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Manchester. Last day. The only day it really rained. The hostel is nice enough, but it’s upstairs – third floor – no elevator.

No elevator equals no suitcase; at least as far as I’m concerned. It’s been misty all week, so I left my umbrella in the rental. Of course.

It’s still misting, so it’s not too bad. I have to walk about two blocks to find something for dinner. Piccadilly’s just down there I’m told. Not the circus – that’s in London, but right around the uni.

It’s getting dark and with it comes the rain. It is cold and wet. The kind of wet that soaks through your clothes, through your skin – I imagine my bones rusting. They’re already creaking. I am clearly a tourist. No umbrella.

Little do they know, I always have an umbrella. Just not here.

I wander down the street, the rain slapping me in the face – the hood on my shirt up covering my hair. That’s just for show, though. It’s a jersey knit and I think it’s wetter than the puddles I sidestep.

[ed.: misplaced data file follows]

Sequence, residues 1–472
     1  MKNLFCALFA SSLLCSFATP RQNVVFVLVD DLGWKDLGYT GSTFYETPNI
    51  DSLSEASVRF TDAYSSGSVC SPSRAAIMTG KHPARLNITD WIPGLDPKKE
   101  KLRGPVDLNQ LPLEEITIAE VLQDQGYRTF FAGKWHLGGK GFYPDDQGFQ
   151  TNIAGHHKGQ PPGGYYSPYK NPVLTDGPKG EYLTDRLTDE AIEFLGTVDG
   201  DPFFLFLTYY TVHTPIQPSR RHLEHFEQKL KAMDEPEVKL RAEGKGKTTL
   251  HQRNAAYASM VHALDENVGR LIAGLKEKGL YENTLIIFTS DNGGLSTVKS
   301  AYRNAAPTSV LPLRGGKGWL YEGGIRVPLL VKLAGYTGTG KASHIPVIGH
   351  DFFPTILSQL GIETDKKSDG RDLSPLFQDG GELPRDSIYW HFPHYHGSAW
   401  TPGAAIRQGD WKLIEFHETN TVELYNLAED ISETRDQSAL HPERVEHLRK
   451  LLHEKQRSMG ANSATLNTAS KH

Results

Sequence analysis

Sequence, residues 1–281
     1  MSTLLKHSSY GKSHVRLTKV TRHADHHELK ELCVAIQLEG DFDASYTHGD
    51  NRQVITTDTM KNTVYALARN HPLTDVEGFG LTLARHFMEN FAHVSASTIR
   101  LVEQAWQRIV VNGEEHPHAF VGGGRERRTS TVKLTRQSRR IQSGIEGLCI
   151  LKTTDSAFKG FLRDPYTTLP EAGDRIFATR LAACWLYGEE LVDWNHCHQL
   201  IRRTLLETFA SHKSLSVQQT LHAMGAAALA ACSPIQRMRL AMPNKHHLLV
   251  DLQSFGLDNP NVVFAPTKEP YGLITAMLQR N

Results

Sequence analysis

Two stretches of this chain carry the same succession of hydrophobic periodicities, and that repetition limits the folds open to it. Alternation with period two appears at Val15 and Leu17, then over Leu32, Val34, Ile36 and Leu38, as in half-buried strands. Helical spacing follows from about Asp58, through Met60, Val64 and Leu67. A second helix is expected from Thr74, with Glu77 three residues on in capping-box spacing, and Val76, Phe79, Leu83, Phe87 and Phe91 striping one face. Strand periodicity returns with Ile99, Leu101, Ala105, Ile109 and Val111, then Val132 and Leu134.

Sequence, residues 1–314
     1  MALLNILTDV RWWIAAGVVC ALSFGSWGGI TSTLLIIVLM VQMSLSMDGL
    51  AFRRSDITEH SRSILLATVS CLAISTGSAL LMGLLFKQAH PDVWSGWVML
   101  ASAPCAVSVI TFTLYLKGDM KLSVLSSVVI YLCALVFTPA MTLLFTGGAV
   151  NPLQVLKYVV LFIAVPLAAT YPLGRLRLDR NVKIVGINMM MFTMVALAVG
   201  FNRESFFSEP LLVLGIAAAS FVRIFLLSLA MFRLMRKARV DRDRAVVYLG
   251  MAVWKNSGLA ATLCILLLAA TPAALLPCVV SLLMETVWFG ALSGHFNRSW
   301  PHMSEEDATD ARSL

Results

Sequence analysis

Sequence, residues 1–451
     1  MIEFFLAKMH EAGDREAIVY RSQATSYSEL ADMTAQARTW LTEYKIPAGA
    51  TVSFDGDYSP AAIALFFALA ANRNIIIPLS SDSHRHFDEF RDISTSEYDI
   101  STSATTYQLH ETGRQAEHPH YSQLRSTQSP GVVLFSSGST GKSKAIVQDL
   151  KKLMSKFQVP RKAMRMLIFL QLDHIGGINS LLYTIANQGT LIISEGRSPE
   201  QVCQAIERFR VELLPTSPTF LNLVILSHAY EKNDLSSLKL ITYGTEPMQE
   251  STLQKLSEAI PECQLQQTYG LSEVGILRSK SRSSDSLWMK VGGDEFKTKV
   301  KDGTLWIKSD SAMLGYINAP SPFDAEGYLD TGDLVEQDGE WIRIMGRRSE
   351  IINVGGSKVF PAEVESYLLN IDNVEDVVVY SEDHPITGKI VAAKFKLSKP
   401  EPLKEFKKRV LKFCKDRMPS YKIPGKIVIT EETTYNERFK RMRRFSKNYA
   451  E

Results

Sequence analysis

I slide into a Tesco grabbing a soda and a snack for later – once I’m “home” I can’t go back out. One more night. Had it still been Wales, I wouldn’t want to leave, but Manchester.

Fuck. I hate Manchester. The driving. The roundabouts. The Ring Road. The Ring. The fucking ring. It is a cunting nightmare. That’s no exaggeration. Round and round and round and NO! Dammit! I do not want to go to fucking Leeds! Manchester. MANCHESTER!

I stop a van for hire. Can you get me to Newton St?

Nah. I can get there, but I can’t tell you how.

I burst into tears and I suppress the urge to grab this stranger and cling to him. I half reach out my hand, but stop, wiping away a tear.

He inhales and points to his van. Follow me. I’ll show you where to turn. Thank G-d. Thank you, thank you. I breathe in relief and gratitude that can never be truly expressed. The feeling of holding onto the log or driftwood and then seeing the rescue boat.

It still took two hours because of all the one way streets.

I will never go back there. Never.

At least, I will never drive there again.

I hate Manchester.